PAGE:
The typical maximum allowable level of nitrate-nitrogen in public drinking water is set at 10 mg/L (10 ppm). The water analysis indicated a trace amount of nitrates in one water sample—a level significantly below acceptable levels.
The trace organic (nitrate) content was likely from dust that slipped by the dehumidifier’s MERV 8 pleated filter. Standard contaminant-indicating bacteria like coliform and E. coli were not present in either water sample.
Water Analysis Conclusions:
Q. Does the dehumidifier add anything harmful to the collected water, for example, heavy metals?
Q. Is water collected by dehumidifiers usable on plants?
Yes, dehumidifier condensate water is perfectly useable, even for consumable plants. There are almost no detectable metals. As long as the air entering the dehumidifier is filtered, there is no excessive organic decay.
When a dehumidifier runs without a filter, ambient dust may appear in the condensate water. Please note that you should never operate a dehumidifier without the recommended filter because dust will eventually plug spaces between aluminum cooling fins on coils and cause the compressor to burn out.
Q. Is it necessary to treat or process dehumidified water before reusing it?
No. There is no reason to handle fresh condensate water any differently than any other source of reasonably clean, uncontaminated water.
Through laboratory water testing, we found that normal and every day use of dehumidifier condensate water should not be a problem for a plant’s nutrient system. Lead isn’t an issue because no lead is used in the brazing process of the copper refrigerant tubes.
There is also no more organic material in the water than any other water that has been exposed to the environment of the growroom.
Q. What are the best practices and recommendations?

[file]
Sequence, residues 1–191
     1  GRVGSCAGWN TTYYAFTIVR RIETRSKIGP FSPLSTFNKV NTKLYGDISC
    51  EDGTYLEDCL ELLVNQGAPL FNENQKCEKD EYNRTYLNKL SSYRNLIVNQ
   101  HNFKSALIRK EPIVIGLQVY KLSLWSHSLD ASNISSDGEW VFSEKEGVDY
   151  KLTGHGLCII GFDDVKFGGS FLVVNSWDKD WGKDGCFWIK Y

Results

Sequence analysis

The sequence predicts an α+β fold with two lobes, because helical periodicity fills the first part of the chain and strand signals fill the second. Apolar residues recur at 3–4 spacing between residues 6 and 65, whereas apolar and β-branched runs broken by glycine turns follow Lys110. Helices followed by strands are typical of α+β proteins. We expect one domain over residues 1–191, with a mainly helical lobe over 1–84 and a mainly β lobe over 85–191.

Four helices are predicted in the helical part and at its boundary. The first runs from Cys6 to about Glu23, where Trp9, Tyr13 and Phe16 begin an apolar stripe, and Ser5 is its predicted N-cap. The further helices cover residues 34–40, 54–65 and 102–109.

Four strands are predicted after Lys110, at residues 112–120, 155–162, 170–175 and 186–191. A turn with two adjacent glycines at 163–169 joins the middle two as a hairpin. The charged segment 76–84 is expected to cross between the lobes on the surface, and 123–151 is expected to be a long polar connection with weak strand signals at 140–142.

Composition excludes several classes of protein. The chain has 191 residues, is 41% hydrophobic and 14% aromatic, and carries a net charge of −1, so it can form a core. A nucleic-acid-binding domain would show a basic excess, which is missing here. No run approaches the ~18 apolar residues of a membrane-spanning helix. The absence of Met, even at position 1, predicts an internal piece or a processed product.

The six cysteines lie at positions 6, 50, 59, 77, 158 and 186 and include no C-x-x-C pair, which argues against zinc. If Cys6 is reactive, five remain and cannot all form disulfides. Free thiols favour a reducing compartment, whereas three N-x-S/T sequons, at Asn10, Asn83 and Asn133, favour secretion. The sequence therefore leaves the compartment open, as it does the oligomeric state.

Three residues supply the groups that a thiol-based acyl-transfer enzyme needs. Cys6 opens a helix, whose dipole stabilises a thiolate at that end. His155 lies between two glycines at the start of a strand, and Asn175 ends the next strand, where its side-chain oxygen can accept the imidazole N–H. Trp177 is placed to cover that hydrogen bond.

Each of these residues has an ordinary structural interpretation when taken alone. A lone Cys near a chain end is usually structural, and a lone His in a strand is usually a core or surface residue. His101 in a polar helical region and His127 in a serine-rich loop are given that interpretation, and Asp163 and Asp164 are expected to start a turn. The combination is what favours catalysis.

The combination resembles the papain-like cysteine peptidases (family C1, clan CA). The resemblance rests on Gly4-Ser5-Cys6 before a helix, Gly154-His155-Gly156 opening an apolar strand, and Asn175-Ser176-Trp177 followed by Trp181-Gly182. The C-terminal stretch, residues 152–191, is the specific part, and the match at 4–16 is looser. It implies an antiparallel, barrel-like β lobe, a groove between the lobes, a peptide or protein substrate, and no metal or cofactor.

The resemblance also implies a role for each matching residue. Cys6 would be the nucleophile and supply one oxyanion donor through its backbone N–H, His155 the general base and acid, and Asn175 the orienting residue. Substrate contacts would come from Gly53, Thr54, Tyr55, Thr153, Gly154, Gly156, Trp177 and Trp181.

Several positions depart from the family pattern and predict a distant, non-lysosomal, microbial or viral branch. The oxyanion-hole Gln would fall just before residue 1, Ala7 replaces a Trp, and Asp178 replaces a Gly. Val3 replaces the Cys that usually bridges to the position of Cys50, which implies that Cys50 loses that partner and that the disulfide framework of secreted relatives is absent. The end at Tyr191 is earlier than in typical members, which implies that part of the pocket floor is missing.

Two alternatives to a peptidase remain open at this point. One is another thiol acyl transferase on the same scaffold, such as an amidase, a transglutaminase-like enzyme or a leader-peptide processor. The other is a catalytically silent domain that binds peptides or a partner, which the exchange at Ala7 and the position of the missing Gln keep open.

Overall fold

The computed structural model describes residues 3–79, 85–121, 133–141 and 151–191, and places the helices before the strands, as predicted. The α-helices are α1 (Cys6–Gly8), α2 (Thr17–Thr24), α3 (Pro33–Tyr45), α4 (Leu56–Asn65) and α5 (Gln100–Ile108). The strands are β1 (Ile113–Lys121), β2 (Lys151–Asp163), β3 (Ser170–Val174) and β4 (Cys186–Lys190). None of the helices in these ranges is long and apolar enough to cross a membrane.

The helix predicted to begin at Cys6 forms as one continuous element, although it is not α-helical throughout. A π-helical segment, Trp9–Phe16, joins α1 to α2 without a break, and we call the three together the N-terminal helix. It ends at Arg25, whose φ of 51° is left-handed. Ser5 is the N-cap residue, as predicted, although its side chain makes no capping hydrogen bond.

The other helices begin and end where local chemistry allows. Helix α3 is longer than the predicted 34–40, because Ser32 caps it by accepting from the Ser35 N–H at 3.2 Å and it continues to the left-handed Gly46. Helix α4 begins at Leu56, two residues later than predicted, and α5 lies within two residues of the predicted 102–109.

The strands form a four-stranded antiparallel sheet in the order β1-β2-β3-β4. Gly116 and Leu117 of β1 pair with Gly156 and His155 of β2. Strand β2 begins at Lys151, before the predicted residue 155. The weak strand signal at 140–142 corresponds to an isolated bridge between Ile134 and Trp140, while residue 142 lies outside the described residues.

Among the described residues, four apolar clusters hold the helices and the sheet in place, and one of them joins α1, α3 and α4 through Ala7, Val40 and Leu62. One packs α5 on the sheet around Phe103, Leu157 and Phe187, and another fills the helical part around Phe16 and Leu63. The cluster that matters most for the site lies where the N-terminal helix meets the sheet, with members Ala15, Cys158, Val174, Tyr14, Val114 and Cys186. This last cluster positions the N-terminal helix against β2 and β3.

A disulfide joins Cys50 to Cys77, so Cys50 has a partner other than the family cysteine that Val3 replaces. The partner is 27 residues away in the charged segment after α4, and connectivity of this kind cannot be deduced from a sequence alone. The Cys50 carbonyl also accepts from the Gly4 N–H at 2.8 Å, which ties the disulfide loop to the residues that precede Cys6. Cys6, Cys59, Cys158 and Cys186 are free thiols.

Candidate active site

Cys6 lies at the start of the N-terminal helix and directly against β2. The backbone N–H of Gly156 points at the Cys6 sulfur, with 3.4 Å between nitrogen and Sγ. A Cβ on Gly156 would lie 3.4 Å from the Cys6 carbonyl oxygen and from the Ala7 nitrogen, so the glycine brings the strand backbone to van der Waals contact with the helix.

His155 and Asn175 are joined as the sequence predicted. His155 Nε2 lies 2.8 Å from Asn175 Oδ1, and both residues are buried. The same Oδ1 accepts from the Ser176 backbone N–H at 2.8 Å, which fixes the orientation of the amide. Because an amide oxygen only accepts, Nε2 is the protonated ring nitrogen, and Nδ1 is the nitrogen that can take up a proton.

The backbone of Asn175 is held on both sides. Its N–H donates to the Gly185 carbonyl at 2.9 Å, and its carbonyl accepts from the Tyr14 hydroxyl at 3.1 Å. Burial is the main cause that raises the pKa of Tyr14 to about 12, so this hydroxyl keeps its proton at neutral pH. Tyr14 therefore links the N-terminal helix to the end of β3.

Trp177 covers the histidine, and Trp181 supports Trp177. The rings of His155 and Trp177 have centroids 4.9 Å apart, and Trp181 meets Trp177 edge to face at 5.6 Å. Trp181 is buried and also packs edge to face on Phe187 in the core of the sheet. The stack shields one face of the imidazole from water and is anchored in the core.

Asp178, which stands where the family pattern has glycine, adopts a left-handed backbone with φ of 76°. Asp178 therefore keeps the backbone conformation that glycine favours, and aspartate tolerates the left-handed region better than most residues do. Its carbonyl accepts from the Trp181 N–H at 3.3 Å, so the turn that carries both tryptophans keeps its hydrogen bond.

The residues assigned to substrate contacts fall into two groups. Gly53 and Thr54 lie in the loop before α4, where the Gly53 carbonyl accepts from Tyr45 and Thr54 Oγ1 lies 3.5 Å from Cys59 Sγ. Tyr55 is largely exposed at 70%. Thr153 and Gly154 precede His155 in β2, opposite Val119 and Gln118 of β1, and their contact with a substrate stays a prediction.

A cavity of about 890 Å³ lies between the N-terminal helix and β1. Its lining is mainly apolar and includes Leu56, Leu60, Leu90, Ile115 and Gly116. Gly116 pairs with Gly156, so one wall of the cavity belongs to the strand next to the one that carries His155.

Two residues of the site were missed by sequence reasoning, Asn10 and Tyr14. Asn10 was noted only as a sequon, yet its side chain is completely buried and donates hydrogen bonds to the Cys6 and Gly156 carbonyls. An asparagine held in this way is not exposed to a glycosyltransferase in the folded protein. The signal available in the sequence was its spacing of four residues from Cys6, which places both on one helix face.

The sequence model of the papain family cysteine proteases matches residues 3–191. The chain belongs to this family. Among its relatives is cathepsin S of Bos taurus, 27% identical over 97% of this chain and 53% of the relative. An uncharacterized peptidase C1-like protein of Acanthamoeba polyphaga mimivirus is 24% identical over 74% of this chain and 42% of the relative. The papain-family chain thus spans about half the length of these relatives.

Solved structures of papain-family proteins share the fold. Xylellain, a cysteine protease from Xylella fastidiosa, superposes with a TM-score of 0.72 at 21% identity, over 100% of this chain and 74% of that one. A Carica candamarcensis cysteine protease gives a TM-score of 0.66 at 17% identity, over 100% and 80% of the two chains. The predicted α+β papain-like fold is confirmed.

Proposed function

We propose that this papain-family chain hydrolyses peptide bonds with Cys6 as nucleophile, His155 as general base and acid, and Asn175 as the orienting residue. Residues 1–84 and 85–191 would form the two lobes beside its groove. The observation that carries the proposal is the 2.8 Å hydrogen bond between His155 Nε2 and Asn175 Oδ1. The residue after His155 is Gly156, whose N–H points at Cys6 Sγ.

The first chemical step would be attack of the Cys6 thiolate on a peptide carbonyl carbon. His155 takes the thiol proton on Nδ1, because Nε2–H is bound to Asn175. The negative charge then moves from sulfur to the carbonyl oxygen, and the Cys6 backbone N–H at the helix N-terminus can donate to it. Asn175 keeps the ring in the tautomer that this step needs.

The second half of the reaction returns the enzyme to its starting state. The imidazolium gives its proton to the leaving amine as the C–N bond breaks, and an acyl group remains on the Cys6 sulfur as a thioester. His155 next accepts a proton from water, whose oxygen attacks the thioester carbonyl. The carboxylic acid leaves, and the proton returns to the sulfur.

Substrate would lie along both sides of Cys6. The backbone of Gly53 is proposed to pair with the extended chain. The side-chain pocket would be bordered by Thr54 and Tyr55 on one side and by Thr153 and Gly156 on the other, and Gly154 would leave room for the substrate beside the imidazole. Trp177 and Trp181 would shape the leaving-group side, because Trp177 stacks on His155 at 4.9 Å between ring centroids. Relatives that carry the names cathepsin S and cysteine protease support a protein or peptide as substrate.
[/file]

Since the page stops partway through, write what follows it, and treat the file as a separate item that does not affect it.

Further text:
It’s always a good idea (and most areas require it) to have the water source analyzed in any commercial garden. If a water sample analysis comes back positive for elevated levels of heavy metals, nitrates or bacteria, the reason for the contamination needs to be revealed and addressed. These issues aren't dependent on the amount of water collected by dehumidifiers.
If your dehumidifier has been idle, run it three days before recycling dehumidified water from it. A high-quality air filter keeps the interior of the dehumidifier clean and minimizes any organic content.
We did not see any mold growth as a result of using a dehumidifier on a daily basis. This is likely due to the constant washing action of the condensing water.
To store a dehumidifier for more than a couple days, every effort should be made to dry it out as much as possible because standing water, or even moisture, is an invitation for mold growth.
An old dehumidifier that has been well-maintained can be an effective piece of equipment that provides thousands of recycled water over a lifetime. One of the easiest ways to keep your dehumidifier working properly is to follow filter guidelines.
Test Your Water Sample
Taking your own water sample isn’t hard; you just have to be careful not to contaminate it Locate a reliable water-testing lab and follow their instructions. You will not need a complete analysis, just a test for heavy metals, nitrate nitrogen content and anything else that interests you.
Here are some sampling guidelines to help ensure valid results:
- Wear powder-free latex gloves.
- Use 16-oz. screw-capped containers (thick glass or polyethylene is best).
- Use a new bottle for each test. If this is not possible, wash the bottle with phosphate-free detergent and water and thoroughly rinse the bottle and cap before use.
- Flush any lines and valves so there is new water in them.
- Rinse the container and cap with the water to be analyzed.
- Fill the bottle almost full. Leave a small air space.
- Mark the container with the source of the sample.
- Send the sample to the testing lab. Follow their instructions.
- A water sample can usually be stored in a refrigerator for up to 48 hours. The sample must be submitted to the lab within 48 hours of collection. Remember, your test results can only be as accurate as your sampling method.
Read next: Humidity 101: Basics for Your Indoor Garden